potential entrapment are worthwhile is more complicated. Though a rights-based
discourse may be uniquely able to convey the importance of ameliorating
misrecognition, Brown maintains that rights for the systematically subordinated
tend to rewrite injuries, inequalities, and impediments to freedom . . . and rarely
articulate or address the conditions producing or fomenting that violation.
Because a discussion of legal rights is, Brown argues, necessarily grounded in
pre-existing inequalities and legal categories, a discourse that builds only on
identity politics and law will fail to account for the multiple, intersectional,
differently marked identities that exist within movements.14 And beyond
reifying categories that may misrepresent the lived experience of group members,
Brown is concerned that the unmarking or destigmatizing [that rights] promise,
has as its cost the loss of a language to describe the character of domination,
violation, or exploitation that configures such needs. To seek political
satisfaction on the terms of the politically powerfulwhich legal redress must
dois to forego the opportunity to reconfigure the power structures that
precipitated misrecognition, and to render those injured by social, political, and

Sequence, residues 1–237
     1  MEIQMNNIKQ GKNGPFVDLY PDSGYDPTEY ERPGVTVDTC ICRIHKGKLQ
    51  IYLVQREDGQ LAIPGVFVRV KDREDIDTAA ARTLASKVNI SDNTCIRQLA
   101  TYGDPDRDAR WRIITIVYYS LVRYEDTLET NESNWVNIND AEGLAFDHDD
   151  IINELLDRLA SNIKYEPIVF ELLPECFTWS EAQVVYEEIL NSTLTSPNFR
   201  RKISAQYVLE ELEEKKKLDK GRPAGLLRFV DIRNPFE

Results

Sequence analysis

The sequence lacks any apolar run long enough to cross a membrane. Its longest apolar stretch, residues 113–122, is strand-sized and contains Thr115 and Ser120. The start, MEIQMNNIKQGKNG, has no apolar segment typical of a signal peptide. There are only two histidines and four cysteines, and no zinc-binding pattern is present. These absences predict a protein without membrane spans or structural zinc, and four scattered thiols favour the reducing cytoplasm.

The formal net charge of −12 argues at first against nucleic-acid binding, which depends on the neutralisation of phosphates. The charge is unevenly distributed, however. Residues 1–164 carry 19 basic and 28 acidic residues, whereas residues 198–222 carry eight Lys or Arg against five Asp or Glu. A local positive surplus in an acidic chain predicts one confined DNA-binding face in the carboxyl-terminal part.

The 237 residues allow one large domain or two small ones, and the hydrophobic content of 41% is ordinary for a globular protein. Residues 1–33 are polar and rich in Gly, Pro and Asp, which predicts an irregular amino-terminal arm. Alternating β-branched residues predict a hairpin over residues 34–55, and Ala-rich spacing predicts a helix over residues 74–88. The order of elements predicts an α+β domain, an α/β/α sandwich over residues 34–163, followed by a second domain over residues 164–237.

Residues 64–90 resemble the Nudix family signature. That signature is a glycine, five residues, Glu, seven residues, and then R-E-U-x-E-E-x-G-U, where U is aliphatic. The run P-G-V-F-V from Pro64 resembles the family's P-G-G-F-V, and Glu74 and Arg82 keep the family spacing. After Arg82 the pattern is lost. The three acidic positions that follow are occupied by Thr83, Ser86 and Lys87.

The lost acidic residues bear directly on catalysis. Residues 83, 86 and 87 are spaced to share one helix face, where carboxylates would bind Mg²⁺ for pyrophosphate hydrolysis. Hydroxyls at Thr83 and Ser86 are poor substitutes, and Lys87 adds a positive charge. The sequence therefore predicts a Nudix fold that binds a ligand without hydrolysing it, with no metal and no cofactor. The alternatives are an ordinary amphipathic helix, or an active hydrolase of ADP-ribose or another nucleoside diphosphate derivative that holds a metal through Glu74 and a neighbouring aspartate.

economic marginalization unable to articulate their injuries or fight for redress
beyond the terms of conventional political discourse. It may also, inasmuch as

Ibid., pp. 27, 58, 97100, 120, 124.

Wendy Brown, Suffering the paradoxes of rights, Left Legalism, Left Critique, ed. Wendy
Brown and Janet Halley (Durham, NC: Duke University Press, 2002), pp. 42034, at p. 431.
Brown, States of Injury, p. 124.
Brown, Suffering the paradoxes of rights, pp. 4312, 428.



liberal rights paradigms treat the individual as the relevant political unit, create
boundar[ies] and privacy [which] leaves the individual to struggle alone, in a
self-blaming and depoliticized universe and convert social problems into
matters of individualized, dehistoricized injury and entitlement.15 The value
of recognition is certainly called into question if its pursuit would strip
recognition-seekers of the complexity of their identities, their sense of
community, and the ability to evolve new political solutions.
Brown seeks to reconcile her arguments for and against the usefulness of
rights-based discourse by offering them a limited and particularly configured
place in fights for recognition. Instead of condemning legalistic strategies, Brown